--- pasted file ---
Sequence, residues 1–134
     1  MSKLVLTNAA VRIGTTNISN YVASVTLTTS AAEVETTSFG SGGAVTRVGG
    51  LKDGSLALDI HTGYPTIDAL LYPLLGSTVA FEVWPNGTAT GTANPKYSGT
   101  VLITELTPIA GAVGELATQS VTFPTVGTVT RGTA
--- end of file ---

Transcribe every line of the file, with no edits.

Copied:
Sequence, residues 1–134
     1  MSKLVLTNAA VRIGTTNISN YVASVTLTTS AAEVETTSFG SGGAVTRVGG
    51  LKDGSLALDI HTGYPTIDAL LYPLLGSTVA FEVWPNGTAT GTANPKYSGT
   101  VLITELTPIA GAVGELATQS VTFPTVGTVT RGTA